Q: What do you hope young readers take away from Lil's story?

A: I want kids to know that women can do anything, and women have done so much more than we’ve been told. A swinging jazz musician, an astonishing magician, a pair of daring suffragists dodging bullets and driving through blizzards—I love digging up the stories of forgotten heroes and giving them back their place in history.

Q: What are you working on now?

A: Lights! Camera! Alice! The Thrilling True Adventures of the First Woman Filmmaker, illustrated by Simona Ciraolo, will be published by Chronicle Books in fall 2018. Alice Guy Blaché was one of the very earliest pioneers of film. Decades before silent black-and-white films started coming out of Hollywood, Alice made movies with sound, color, special effects and crazy stunts, from jumping onto the roof of a speeding train to blowing up a pirate ship. And anything she asked her stars to do, Alice did first. She even climbed into a tiger’s cage!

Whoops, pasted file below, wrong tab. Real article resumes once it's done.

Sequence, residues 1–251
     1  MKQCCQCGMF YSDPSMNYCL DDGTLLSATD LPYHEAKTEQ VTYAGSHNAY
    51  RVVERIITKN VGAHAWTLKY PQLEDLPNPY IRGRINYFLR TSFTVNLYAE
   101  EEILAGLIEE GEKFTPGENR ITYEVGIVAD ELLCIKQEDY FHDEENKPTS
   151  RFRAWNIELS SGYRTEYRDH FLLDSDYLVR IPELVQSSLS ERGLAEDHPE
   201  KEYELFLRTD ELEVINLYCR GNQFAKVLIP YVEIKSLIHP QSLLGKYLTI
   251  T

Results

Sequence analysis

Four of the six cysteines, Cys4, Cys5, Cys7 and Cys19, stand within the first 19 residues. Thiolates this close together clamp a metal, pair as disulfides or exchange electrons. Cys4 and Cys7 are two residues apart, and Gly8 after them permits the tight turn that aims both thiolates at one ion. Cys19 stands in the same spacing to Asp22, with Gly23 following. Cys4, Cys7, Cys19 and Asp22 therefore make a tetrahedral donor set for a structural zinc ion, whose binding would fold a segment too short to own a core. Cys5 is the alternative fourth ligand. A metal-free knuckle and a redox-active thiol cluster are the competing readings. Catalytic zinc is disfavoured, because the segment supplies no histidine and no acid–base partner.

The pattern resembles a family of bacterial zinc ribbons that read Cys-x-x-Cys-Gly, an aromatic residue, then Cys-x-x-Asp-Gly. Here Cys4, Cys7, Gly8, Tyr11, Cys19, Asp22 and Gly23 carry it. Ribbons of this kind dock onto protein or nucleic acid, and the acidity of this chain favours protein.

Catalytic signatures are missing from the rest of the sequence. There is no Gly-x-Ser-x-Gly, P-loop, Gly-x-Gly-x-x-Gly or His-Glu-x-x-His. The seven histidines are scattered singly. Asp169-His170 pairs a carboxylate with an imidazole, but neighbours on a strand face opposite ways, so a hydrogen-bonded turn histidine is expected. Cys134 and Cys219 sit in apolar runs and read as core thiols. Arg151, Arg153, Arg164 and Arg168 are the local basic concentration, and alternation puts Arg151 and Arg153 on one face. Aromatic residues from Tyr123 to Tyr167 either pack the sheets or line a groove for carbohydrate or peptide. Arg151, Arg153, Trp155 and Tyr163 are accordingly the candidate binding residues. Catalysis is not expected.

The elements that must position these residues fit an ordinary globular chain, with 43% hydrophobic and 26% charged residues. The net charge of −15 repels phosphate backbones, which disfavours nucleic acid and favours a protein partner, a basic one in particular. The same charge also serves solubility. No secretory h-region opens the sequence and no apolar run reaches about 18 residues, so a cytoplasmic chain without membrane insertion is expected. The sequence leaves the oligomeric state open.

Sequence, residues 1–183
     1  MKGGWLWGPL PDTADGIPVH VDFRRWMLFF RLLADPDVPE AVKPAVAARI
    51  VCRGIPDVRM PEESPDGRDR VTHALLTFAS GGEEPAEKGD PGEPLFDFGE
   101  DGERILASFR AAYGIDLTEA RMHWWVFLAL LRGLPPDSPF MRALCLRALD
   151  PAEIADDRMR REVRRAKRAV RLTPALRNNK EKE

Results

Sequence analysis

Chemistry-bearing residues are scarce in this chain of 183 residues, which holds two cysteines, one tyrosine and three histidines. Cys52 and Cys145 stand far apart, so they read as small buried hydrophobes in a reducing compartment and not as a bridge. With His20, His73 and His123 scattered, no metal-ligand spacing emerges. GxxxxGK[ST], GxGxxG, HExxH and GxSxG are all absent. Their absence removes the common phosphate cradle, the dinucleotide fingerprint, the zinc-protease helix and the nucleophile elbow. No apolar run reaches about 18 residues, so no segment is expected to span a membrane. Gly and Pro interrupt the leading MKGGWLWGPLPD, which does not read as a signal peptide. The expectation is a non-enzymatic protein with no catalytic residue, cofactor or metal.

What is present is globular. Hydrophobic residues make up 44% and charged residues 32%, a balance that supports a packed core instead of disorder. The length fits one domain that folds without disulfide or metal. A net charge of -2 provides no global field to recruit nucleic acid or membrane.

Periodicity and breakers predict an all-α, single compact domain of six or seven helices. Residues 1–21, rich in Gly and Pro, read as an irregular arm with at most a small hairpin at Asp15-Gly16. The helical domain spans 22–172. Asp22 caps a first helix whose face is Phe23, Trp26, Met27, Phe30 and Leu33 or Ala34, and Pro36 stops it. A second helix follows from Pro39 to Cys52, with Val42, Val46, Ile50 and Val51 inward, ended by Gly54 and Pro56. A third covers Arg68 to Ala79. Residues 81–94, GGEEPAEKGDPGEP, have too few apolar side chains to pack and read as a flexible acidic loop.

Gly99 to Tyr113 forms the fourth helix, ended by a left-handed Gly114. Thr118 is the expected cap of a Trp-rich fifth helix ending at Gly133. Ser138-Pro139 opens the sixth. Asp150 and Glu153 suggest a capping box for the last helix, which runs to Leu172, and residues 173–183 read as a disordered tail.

Q: Anything else we should know?

A: Both Lil and Alice are easy to get to know online! If you’d like to listen to some of Lil’s songs, try "Chimes Blues," "My Heart," "Perdido Street Blues," "Brown Gal" (later remade as "Bad Boy" by the Beatles’ Ringo Starr), "Just for a Thrill," "Born to Swing," and "Eastown Boogie."

A couple of short, funny films by Alice Guy Blaché: La Glu (The Glue) about a mischievous boy who ends up caught by his own prank, and Le Piano Irrésistible (The Irresistible Piano), in which no one can hear the sound of the piano without dancing. (Speaking of irresistible, don’t miss the little clip at the beginning, in which Alice herself turns to the camera and smiles!)

--Interview with Deborah Kalb. Here's a previous Q&A with Mara Rockliff.

March 20

March 20, 1928: Fred Rogers born.

Monday, March 19, 2018

Q&A with Mario Giordano

Mario Giordano is the author of the new novel Auntie Poldi and the Sicilian Lions. His other books include 1,000 Feelings for Which There Are No Names. He lives in Cologne, Germany.

Q: You’ve said that your character Auntie Poldi was based on your own aunt. What did you see as the right blend of reality and fiction as you wrote this novel?

A: I always had this mantra for writing: “Never private – always personal.” I never wanted to write about my private life, my family or my friends, but all my writing had to be personal in terms of feelings and authenticity.